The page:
Jim Bohannon was born in Corvallis Oregon, where his father was serving in the army. When he was nine months old, his parents brought him to Lebanon, Missouri, where he grew up. He also began his broadcast career there in 1960 with a job at hometown radio station KLWT paying one dollar per hour. Following his graduation from Lebanon High School in 1962, Jim attended Southwest Missouri State in Springfield where he worked part time as a news reporter at KWTO-AM and a rock-n-roll DJ at KICK-AM. Jim’s fondest memories of his Springfield days include having to ad lib for over an hour while waiting for Senator Barry Goldwater to arrive at a live remote and taking three busloads of KICK listeners to see the Beatles in Kansas City.
After attending Southwest Missouri State in 1966, Jim enlisted and served in the US Army until 1970. His four years of service included a tour of duty in Vietnam and an assignment in Washington DC. After his discharge in 1970, Jim remained in Washington and worked at News Talkers WTOP-AM and WWRC-AM, and Easy Listening WGAY-FM.
In 1980, Jim moved to Chicago for a morning drive spot at WCFL-FM and a Chicago bureau reporter position at upstart CNN. In 1981, he secured the role of principle back-up host for The Larry King Show. Jim began hosting his own Saturday evening call-in show in 1984 on the Mutual Broadcasting System. Westwood One purchased Mutual in 1985. In 1993, Westwood One moved Larry King to an afternoon time slot and offered Jim his own show in King’s late evening spot. The Jim Bohannon Show made its debut on January 29, 1993 and met with immediate ratings success. 27 years later, it remains one of the most popular nationally syndicated radio talk shows in America. Jim says his political views lean toward being moderate and/or slightly conservative, something he calls “militant moderate.”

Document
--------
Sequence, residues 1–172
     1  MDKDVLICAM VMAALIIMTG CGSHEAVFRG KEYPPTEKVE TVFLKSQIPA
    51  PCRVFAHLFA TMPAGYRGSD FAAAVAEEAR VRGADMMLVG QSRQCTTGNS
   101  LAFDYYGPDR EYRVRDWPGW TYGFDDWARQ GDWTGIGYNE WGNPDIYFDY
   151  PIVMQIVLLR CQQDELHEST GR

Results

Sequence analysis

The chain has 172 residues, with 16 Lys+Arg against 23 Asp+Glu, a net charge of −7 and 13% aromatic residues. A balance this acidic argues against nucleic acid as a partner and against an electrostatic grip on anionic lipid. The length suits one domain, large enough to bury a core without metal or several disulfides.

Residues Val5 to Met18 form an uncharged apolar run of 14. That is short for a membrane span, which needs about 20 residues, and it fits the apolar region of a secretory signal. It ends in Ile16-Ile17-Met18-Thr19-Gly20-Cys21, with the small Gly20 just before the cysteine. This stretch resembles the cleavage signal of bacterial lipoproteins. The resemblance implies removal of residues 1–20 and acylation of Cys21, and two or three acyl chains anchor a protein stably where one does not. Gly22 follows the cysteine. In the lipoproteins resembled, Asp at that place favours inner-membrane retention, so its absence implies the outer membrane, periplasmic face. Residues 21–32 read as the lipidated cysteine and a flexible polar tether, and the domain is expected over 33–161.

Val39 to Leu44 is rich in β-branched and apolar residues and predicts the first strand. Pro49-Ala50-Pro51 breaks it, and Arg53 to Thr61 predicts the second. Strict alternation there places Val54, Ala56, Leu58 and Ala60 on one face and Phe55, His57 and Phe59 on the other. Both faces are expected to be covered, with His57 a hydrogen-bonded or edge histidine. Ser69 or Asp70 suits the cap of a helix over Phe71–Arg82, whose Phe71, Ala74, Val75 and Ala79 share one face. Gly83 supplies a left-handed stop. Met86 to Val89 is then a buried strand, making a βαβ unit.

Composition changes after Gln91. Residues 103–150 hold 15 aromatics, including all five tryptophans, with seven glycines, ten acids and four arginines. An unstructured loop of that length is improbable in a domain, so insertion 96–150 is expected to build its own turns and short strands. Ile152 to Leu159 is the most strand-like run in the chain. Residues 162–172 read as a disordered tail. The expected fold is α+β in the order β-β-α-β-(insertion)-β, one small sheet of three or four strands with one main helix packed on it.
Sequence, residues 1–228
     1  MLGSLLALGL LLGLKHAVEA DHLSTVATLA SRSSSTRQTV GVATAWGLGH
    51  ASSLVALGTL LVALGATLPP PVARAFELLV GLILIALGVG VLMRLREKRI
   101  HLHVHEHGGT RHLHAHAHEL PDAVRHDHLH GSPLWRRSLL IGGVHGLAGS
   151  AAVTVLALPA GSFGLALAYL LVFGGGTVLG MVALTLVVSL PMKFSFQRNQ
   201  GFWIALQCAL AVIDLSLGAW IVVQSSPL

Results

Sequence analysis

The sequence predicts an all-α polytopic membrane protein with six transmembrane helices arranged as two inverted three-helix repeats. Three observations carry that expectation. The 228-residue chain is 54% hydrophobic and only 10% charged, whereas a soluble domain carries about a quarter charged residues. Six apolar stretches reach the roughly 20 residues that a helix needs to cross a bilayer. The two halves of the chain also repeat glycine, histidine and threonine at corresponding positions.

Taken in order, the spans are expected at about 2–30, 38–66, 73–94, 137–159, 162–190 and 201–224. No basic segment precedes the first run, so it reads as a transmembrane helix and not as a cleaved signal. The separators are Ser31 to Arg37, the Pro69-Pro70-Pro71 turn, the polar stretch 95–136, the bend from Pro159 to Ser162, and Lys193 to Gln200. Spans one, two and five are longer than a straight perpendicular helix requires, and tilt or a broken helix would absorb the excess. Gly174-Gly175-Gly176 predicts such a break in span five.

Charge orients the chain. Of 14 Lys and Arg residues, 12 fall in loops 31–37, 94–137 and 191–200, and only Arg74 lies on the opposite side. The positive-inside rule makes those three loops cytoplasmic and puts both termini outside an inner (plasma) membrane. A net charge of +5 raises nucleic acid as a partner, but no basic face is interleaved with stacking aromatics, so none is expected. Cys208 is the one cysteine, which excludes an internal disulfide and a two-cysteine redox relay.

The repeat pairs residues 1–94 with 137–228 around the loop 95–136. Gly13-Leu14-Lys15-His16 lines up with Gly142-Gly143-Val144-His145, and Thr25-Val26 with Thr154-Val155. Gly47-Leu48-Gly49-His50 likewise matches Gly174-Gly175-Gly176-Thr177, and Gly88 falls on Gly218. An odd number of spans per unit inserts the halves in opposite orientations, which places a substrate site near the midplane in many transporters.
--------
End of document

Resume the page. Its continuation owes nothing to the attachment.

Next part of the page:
In addition to the Jim Bohannon Show, Jim also hosted Westwood One’s America in the Morning news show for over 31 years before stepping down in December 2015. Throughout his career with Westwood One, Jim anchored newscasts, political conventions and election night coverage. He also covered the 1988 Reagan-Gorbachev Summit in Moscow and the 1989 funeral of Japanese Emperor Hirohito in Tokyo.
Jim Bohannon was the originator and driving force behind the National Freedom of Information Day. First submitted by Bohannon to the Society of Professional Journalists in 1979, the event is celebrated each March 16 to honor the birthday of President James Madison, father of the Bill of Rights.
Jim Bohannon was inducted into the National Radio Hall of Fame in 2003. He was also voted one of “The 100 Most Important Radio Talk Show Hosts in America” numerous times by Talkers Magazine, and he was the 2013 recipient of the publication’s prestigious Lifetime Achievement Award. Bohannon also won the 2017 New York International Radio Festival Gold Medal for Best Radio Documentary for “Pain & Pride: Remembering Vietnam-50 Years Later,” which he wrote and narrated.
Jim passed in November of 2022.